Take a fresh look at your lifestyle.

- Advertisement -

This whole roasted fish is a delicious weekday feast

Whole Roasted Fish With Pomegranate Molasses

Active time:20 minutes

Total time:50 minutes

Servings:2 to 4

Active time:20 minutes

Total time:50 minutes

Servings:2 to 4

This recipe comes from the Eat greedily newsletter. Register here to get a weeknight dinner recipe, substitution tips, techniques, and more delivered to your inbox Monday through Thursday.

The fish stared at me, eyes wide and shining, fins limp and wet. Still half-wrapped in paper, with hollow gut, it was the first whole fish I’d taken home to cook, and it forced me to consider not only dinner, but life and death.

“Culturally, we are not a country that spends a lot of time eating whole fish. We are not conditioned to do it; we’re a filet-eating society,” chef Ricky Moore, of the Durham, NC, Saltbox Seafood Joint, told me by phone. “In most places abroad, eating whole fish is standard, it’s normal.”

“Growing up, we didn’t eat fillet fish,” Moore said, pointing out that he comes from “a long line of fishermen.”

“Our philosophy was: fishermen don’t catch fillets, we catch whole fish.” So, cooking whole fish is a more obvious approach in Moore’s mind. “I think it’s the most natural way to celebrate good fish in person, both from a preparation and texture standpoint,” he said.

Between supermarket rotisserie and home-cooked birds, we roast a lot of chicken in the United States, but processors cut their heads off so we don’t have to look them in the face. There’s an intimacy to looking into another’s eyes, doubly so when his death means he’s passed from fellow animal to food. For much of human existence, this feeling has been described in terms of lordship or disgust. For the past decades I have tried to approach it with humility.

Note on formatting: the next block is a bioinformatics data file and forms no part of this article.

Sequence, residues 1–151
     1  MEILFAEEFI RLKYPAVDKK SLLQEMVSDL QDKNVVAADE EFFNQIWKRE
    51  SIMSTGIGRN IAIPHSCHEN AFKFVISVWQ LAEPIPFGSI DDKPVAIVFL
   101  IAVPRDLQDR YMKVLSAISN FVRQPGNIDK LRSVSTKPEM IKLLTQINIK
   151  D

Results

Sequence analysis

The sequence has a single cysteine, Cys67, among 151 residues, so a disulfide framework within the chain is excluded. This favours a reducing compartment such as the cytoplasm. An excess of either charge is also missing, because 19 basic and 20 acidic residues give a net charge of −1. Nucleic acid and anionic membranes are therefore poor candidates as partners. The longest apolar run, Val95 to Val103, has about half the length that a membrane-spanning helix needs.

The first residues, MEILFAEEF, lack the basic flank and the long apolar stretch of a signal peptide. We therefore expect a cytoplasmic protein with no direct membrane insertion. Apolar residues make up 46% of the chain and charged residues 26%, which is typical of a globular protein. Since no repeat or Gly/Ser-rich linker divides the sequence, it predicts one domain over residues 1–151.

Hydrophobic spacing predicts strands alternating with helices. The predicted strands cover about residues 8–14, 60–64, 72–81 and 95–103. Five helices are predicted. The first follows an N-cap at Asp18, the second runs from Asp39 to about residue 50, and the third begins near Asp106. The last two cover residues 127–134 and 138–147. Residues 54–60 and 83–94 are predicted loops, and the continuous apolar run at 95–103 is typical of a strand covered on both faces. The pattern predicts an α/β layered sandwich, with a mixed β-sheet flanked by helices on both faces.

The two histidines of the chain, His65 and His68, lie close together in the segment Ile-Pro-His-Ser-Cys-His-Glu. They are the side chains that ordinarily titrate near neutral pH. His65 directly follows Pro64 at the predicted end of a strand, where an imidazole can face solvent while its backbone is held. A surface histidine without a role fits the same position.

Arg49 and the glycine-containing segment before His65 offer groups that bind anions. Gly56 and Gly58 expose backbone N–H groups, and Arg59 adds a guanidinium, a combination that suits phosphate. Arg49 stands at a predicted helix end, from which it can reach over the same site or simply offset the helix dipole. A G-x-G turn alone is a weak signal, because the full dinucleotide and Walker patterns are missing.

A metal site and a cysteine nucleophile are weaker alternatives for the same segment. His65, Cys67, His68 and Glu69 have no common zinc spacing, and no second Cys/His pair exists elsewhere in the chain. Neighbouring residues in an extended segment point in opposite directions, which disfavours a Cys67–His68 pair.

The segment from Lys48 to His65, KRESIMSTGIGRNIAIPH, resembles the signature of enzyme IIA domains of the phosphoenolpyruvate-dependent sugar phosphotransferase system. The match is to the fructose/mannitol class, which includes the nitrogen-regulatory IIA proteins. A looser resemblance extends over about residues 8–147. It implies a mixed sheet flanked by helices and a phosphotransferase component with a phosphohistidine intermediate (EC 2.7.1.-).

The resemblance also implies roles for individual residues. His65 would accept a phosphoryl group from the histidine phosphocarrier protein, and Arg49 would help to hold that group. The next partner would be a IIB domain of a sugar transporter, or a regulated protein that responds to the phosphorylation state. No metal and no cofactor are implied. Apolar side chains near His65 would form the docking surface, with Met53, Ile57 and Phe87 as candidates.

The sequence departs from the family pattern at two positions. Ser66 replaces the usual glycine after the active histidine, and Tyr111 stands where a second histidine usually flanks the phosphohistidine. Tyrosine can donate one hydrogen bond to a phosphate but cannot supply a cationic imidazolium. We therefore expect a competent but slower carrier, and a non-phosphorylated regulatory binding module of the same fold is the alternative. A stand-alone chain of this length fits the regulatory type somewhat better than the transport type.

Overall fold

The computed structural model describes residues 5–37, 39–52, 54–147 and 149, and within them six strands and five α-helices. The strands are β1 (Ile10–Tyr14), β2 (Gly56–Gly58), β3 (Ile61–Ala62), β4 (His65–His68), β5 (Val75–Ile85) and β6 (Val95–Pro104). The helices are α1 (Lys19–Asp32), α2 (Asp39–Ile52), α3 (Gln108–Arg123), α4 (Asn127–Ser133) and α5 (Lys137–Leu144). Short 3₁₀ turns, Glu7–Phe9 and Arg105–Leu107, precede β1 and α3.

If you eat fish but have never cooked a whole one, tonight might be the night to give it a try. Whole fish is often less expensive than fillets, and roasting is at least as easy as roasting a chicken or large piece of meat.

“Simplicity is key,” Moore advised. Have your fishmonger clean, descale and trim the sharp fins first. Bring it to room temperature at home, season, fill the cavity and prepare to cook it over high heat, somewhere between 375 and 450 degrees. The hardest part is knowing when it’s done.

How do you know when it’s buttery, not dry? “Checking for doneness is universal,” Moore said. “Find one of the dorsal fins. If it pulls out easily, the fish is cooked.” As with all proteins cooked with bone, there will be some cooking over, so rest time should be taken into account as well.

This recipe calls for a whole bass or snapper, which is seasoned, stuffed, and roasted atop zucchini or carrots for a plate-pan meal. Once out of the oven, sprinkle the fish with pomegranate molasses, a sweet and sour sauce that gives even the mildest fish plenty of flavor. (Look for it near the honey at your grocery store, or at Middle Eastern or Indian grocers.) A pinch of pistachios adds the finishing touch of crunch.

Of course you can get a whole fish without a head – any fishmonger will be happy to chop it off – but if I buy a fish to cook whole, I wouldn’t want that: I want to look into its eyes, their bright shine. Especially if I didn’t catch the fish myself, that’s proof that it swam not too long ago, proof that it’s coming to smell and taste like the clean, salty sea.

Whole Roasted Fish With Pomegranate Molasses

  • Not a fish eater? >> Try this with firm tofu marinated with spring onions and orange slices. Chicken thighs are another option.
  • Can’t find pomegranate molasses? >> Use a mixture of equal parts honey and lime or lemon juice.
  • No pistachios? >> Pumpkin seeds or toasted sesame seeds would be tasty here.

Do you want to save this recipe? Click the bookmark icon under the portion size at the top of this page then go to My Reading List in your washingtonpost.com user profile.